5 compelling reasons to change your company name
Deciding on your company's name can be an almost agonising process. You may well have spent weeks or even months writing endless lists of keywords; carrying out online research; running ideas past colleagues, friends and family; and weighing up the alternatives, before ultimately taking the plunge and choosing a name.
So it can be disheartening when, after your business has been up and running for a while, you begin to think about changing its name. (How to find that new company name is a whole other kettle of fish, and a subject covered in detail by other posts in Novanym blog, and elsewhere.)
If you do decide to change your business name, it might even feel like you’ve failed in some way, or that your judgment was poor when you chose the ‘wrong’ name. But this is the wrong way to think; business should be about looking forward, not backwards. What’s done is done, and it’s more useful to focus on addressing a problem than beating yourself up about having one. Daunting a prospect as it might be, your focus should be on making the right decision: to change or not to change?
Here are five compelling reasons why changing your company name might be seriously worth considering…
1. You’ve outgrown your name
Much like death and taxes, change in business is inevitable and unavoidable. This means it’s likely that the business you have today is a different beast to the one you first brought into the world.
For example, you may have named your business with a specific market in mind, but your audience is now different. Or perhaps your company name described your main product or service, and it’s no longer the main thing you do (e.g. you named the product, not the company). Or maybe your business name features its geographical location or its sector, and now you want to spread your net further afield. Another common situation is that you used your own name for the company name, and now that you’re growing you realise it doesn’t make a lot of sense, and was never very 'brandable'.
What you need moving forward is flexibility. The change your business has been through so far has taught you that you can’t predict the future. Your specific or descriptive name has painted you into a corner; now you need a name that will future-proof your business.
2. You’re done with settling
Naming your business was a big deal for you, but although you always intended to have a brilliant, humdinger of a name, somehow the ‘perfect' name never came along.
So you settled for a name that was 'good enough'. It was fine, and it’s been OK …but it was never great. Your business has succeeded, and now you’re at that crossroads where you either carry on making do with a compromise, or you grab the bull by the horns and get the name you always wanted.
Although this is a purely ‘emotional’ response, if you’re feeling this nagging dissatisfaction you should listen to your heart, take a deep breath, and commit to change.
3. SEO isn’t going away
It doesn’t matter what kind of business you are; getting found online is important – often mission-critical. The fact is that you’ll struggle to get any real traction online if your company name features generic words or keywords - or if it’s similar to other businesses in your sector. These days a bland, familiar, or unoriginal name is like an invisibility cloak for a business online.
This is as good a reason for changing a company name as I can think of. Of course, finding a completely unique name is a really tough brief. But if unique is optimistic, you should be aiming for a new name that is, at the very least, rare.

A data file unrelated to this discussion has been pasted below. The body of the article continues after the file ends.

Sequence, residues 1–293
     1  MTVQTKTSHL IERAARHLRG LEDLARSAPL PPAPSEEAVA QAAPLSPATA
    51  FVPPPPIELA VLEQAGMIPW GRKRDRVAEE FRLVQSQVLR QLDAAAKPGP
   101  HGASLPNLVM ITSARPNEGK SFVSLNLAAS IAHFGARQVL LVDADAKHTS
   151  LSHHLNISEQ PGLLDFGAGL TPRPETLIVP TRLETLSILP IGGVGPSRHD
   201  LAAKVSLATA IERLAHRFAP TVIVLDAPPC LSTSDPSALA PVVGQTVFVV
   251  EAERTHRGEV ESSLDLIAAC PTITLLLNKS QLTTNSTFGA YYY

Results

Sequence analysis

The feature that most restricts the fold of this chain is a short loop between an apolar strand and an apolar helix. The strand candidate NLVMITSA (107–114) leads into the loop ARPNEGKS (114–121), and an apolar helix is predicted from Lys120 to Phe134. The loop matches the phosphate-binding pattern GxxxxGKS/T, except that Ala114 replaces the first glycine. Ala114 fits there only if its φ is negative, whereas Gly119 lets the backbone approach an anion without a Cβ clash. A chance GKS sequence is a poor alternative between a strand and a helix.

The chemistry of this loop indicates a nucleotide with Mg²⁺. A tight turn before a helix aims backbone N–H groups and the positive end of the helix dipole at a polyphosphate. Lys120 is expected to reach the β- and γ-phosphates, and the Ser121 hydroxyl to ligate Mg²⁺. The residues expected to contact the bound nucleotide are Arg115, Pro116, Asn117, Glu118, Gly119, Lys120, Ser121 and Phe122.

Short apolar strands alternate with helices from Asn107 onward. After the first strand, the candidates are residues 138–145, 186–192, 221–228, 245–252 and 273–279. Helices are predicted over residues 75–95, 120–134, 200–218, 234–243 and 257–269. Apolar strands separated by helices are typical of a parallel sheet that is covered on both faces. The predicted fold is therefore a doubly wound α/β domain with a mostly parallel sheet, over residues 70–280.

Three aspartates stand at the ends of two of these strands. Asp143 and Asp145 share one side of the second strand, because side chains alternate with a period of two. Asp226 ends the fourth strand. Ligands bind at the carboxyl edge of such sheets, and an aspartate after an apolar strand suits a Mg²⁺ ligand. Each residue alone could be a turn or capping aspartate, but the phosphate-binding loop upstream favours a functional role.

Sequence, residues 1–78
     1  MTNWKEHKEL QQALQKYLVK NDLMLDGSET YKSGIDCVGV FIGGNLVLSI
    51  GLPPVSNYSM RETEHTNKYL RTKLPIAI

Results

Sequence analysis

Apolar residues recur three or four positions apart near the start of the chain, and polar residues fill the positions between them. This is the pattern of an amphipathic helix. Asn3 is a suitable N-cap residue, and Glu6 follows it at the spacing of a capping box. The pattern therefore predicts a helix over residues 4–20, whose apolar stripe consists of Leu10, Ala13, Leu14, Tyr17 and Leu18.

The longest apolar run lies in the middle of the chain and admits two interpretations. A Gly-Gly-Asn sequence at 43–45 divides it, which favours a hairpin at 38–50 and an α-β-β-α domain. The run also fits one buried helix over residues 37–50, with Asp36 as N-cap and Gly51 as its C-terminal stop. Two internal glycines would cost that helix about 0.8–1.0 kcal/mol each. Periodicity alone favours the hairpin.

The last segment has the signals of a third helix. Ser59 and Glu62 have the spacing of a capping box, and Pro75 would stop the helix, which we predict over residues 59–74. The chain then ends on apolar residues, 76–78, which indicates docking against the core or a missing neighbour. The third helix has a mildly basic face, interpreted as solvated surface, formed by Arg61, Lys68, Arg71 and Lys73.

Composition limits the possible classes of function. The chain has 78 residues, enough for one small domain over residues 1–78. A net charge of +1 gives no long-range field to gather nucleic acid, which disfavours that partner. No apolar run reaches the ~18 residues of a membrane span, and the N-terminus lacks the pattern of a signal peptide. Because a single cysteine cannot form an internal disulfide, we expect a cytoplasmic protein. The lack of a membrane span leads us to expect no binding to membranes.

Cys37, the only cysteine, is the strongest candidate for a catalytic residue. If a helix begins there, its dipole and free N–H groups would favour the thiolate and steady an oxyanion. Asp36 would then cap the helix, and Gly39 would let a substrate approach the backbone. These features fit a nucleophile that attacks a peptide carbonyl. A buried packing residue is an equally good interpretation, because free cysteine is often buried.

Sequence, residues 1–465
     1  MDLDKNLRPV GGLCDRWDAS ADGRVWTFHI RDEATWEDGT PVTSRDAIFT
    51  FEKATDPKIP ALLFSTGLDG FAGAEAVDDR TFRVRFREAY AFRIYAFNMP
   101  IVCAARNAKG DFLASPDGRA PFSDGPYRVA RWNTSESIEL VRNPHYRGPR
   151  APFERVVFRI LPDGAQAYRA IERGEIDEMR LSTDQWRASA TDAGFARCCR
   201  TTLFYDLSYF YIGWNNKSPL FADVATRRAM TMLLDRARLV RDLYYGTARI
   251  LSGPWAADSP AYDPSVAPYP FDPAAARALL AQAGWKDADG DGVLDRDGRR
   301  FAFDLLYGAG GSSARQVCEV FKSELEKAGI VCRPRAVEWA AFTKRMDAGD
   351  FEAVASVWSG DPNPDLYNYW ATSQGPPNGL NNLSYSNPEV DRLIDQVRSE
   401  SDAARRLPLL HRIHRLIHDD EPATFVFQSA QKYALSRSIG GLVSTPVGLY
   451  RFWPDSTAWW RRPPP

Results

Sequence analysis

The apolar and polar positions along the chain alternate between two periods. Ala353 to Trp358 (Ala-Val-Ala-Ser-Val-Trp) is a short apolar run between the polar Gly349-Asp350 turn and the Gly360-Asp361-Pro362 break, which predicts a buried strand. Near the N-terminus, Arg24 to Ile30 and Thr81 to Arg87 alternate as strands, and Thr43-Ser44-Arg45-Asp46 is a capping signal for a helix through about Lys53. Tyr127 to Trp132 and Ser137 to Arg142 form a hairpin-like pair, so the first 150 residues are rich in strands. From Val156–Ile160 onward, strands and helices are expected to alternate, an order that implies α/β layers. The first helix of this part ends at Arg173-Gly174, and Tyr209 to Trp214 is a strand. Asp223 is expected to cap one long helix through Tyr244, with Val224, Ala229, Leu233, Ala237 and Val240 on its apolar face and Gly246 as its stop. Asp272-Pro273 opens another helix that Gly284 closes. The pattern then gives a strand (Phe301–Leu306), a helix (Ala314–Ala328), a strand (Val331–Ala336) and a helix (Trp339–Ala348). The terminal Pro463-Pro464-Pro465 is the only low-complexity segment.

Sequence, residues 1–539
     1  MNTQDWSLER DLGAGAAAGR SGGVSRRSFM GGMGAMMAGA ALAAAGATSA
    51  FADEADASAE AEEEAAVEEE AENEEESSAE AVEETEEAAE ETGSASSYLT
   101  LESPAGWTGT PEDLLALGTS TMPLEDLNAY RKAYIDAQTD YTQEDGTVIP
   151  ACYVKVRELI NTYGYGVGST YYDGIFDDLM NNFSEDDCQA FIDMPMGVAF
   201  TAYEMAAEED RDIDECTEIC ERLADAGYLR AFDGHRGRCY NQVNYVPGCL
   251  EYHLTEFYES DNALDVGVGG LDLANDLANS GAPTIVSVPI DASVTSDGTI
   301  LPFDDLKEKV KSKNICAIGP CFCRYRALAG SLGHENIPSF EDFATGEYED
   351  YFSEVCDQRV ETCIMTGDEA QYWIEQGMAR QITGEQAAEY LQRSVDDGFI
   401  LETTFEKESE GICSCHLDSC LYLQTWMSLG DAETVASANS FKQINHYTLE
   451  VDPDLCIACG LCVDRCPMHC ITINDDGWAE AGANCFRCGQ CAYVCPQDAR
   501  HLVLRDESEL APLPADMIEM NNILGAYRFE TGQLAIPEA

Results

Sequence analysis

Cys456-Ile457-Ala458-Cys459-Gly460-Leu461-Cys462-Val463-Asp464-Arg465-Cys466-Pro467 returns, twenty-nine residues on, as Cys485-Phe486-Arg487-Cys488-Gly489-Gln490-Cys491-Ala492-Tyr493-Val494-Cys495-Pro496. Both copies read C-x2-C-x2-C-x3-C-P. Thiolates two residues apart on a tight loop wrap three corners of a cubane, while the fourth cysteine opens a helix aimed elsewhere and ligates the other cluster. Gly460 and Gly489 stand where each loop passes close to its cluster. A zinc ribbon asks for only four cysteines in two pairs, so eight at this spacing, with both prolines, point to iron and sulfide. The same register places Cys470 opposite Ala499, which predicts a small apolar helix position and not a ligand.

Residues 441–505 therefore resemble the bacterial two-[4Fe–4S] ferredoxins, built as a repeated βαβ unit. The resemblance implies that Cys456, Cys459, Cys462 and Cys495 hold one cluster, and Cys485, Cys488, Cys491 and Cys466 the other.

4. The joke is no longer funny
Over the past decade or so there’s been a trend for funky or idiosyncratic names that sound a bit crazy, or a bit edgy. At the time, it seemed like a good way for your business to get noticed, and it was a great way to show your personality.
But wind the clock forward, and your business has matured, and today it’s as much about credibility and professionalism as being seen as a quirky upstart. That on-trend business name no longer feels current, in fact maybe it’s even slightly embarrassing or alienates some of your core audience. Maybe it’s time to get serious.
5. You don’t just want a name, you want BRAND name
Now you have more experience under your belt, you’ve begun to recognise the difference between company names and brand names. Brand names are the ones that go beyond telling you what a business does; they make you feel something – they stand for something, are easy to remember, and they connect with people. These are sometimes referred to as brandable business names, and they can add actual, tangible value to a company.
You always wanted a name like that. And it’s a long way from the name you’ve got.
Feel the fear ...and do it anyway
Too many business owners continue to drift along with a name that doesn’t cut the mustard, even when they know instinctively that it needs to change.
Understandably, ‘fear' is the reason they resist the urge to change: fear of getting it wrong again; fear of the process of changing a name; fear of losing customers; and fear of change itself.
But with good planning and communications, the process of changing a company name really isn’t a big deal. And it’s certainly a way bigger deal for you than it is for your customers.
If one or more of the five points above describes your situation, don’t worry so much about the risk of change. Instead, ask yourself “what’s the risk of NOT changing?”.
Once you’ve made the decision to change, remember that changing your company name and branding could be an exciting opportunity! It marks a turning point in your business, it’s a great way to create a sense of renewal, and to signify positive change to the outside world. Go for it.